31 Oct, 2017
A writer’s remorse in the post apocalyptic media hype
When looking to profit from a potential natural disaster, it’s important to be first. Waiting for things like… facts, will cost valuable clicks. This is where I, as a writer of fiction, seem to have missed my opportunity. Living here in Bali gave me access to the first reports of impending doom spewing from the crater of the media rumor mill. ‘Mt Agung eruption imminent’ ‘Island to be blanketed in ash.’ That doesn’t sound good.
From my house in Sanur I can see Mt Agung. Upon hearing the news I ran outside expecting to witness this gush of lava shooting into the sky and the bellowing smoke tumbling down the mountain slope on a relentless march across the island. Reaching the outside terrace I took my final breath before the ash would engulf my home and fill our lungs with toxic fumes. I turned the corner to look northward and there she was… Mt Agung, as she always was. Asleep like a baby in its crib. And me, standing there like an first-time parent, panicked at the sound of a gentle stir.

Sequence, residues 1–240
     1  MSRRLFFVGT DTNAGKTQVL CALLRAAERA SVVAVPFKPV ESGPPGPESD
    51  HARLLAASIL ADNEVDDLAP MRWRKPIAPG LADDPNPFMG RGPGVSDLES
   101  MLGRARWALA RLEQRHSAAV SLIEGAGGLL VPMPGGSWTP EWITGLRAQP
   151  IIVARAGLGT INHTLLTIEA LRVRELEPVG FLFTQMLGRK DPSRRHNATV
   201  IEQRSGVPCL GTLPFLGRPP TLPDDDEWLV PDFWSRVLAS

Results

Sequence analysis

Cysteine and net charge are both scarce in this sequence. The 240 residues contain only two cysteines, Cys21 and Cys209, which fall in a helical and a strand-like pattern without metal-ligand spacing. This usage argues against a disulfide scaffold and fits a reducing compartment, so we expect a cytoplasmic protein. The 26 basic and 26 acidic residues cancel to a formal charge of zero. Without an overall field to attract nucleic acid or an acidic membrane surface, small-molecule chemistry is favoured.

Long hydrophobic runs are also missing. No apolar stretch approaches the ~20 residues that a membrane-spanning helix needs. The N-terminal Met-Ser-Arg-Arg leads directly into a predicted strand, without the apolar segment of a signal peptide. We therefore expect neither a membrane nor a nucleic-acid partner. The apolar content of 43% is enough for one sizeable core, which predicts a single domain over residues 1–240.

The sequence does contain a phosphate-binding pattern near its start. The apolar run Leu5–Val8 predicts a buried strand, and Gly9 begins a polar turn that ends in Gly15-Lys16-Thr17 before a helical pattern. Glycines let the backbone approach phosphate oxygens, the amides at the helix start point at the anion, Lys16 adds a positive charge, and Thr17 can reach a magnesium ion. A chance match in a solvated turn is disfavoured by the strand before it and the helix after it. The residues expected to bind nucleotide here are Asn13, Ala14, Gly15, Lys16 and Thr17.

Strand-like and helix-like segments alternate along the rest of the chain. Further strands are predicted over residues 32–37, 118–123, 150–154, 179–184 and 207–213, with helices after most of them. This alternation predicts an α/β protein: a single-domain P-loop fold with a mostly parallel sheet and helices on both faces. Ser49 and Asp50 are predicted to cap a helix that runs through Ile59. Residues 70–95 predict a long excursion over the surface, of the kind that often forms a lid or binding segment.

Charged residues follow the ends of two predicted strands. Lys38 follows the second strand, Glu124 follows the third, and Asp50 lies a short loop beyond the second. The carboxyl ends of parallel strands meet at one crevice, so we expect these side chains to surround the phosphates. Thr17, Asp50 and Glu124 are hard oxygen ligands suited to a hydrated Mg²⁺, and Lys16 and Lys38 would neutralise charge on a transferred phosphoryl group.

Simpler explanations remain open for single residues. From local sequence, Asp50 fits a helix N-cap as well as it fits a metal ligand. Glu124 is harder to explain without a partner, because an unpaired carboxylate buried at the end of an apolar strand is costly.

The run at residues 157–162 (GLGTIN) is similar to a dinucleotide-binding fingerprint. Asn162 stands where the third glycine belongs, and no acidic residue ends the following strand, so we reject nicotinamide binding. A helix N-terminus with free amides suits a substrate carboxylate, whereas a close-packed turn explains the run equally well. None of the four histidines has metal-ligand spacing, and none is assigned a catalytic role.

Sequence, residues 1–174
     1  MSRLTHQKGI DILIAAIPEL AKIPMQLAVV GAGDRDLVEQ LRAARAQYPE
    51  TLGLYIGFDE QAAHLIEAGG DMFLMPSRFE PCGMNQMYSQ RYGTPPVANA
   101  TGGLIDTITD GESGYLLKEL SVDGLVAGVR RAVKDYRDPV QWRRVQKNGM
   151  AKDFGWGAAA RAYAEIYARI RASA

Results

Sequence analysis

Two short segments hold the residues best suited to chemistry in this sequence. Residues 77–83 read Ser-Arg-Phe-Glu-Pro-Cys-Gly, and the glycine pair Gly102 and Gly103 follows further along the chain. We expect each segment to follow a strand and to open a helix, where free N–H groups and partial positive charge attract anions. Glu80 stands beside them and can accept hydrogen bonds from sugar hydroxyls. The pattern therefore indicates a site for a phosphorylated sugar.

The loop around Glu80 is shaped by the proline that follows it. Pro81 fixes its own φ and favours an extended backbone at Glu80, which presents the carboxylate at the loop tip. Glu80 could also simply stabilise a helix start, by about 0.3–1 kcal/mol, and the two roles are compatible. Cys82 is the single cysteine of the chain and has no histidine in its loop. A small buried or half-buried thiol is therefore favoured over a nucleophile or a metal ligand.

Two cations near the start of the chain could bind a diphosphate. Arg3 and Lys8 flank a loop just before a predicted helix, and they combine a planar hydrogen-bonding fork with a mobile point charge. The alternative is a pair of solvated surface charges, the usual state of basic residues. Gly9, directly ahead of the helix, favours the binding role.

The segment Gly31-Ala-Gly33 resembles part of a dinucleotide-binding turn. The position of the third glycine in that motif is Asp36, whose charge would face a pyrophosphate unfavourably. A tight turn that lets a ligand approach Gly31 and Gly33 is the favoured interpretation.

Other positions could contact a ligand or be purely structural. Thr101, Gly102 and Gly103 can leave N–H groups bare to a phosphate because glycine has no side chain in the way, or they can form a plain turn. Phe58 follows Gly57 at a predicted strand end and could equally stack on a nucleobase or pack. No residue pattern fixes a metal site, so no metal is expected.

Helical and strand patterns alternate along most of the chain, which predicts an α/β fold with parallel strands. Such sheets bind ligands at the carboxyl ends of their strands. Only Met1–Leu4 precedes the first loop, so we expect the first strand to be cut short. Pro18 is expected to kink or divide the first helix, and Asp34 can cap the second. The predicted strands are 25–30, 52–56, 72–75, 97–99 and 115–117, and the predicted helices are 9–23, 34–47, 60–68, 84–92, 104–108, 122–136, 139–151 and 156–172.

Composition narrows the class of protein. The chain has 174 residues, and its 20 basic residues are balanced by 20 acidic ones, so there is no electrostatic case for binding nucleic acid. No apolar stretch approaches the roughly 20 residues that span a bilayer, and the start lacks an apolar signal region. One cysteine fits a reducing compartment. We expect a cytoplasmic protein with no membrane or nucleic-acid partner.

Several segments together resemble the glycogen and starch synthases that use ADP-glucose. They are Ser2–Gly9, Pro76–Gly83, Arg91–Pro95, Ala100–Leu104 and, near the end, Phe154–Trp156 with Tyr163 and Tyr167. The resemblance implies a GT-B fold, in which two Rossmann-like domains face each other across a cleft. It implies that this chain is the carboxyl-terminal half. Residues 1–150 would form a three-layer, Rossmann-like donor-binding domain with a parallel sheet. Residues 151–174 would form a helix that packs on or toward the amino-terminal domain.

Yes it’s true the status was raised to the highest warning level, but even the majestic power of Mt Agung was upstaged by the media hype that followed. Stories ranged from frantic to feverish. The confusing media reports helped to establish only one fact - no one knew what they were talking about but they were undeterred from reporting it. They lit the wick, we waited for the bang, and now after a month of anticipation… the status has been lowered. The show’s been canceled and we’ve all been told to go home. Well that’s quite a disappointment. Especially after $200 million dollars in losses from an economy that relies on tourist arrivals. This must be how it feels to be part of a doomsday cult when the date for the end of the world comes and goes and the sun rises on a new day that looks much like the one preceding it. Perhaps that’s what a zombie apocalypse is, just a mass disappointment the day after the world was supposed to end.
So what are we to believe? At the Bali Bible, our readers trust we vet our sources and only provide the most accurate information. This unfortunate constraint makes for the boring task of researching, fact checking and even writing our own material. It’s the cost we bear for maintenance of our integrity.
In the wake of all the hype, perhaps the media coverage will help Bali recover. We’re coming into high season soon so it might be time for me to buy a van and start a volcano tour company. Keep a watch for it on the Bali Bible website. In the meantime we’ll continue to keep you updated with all the latest news and the best reasons to come back to your favorite island destination. Om santi santi santi Om… ????????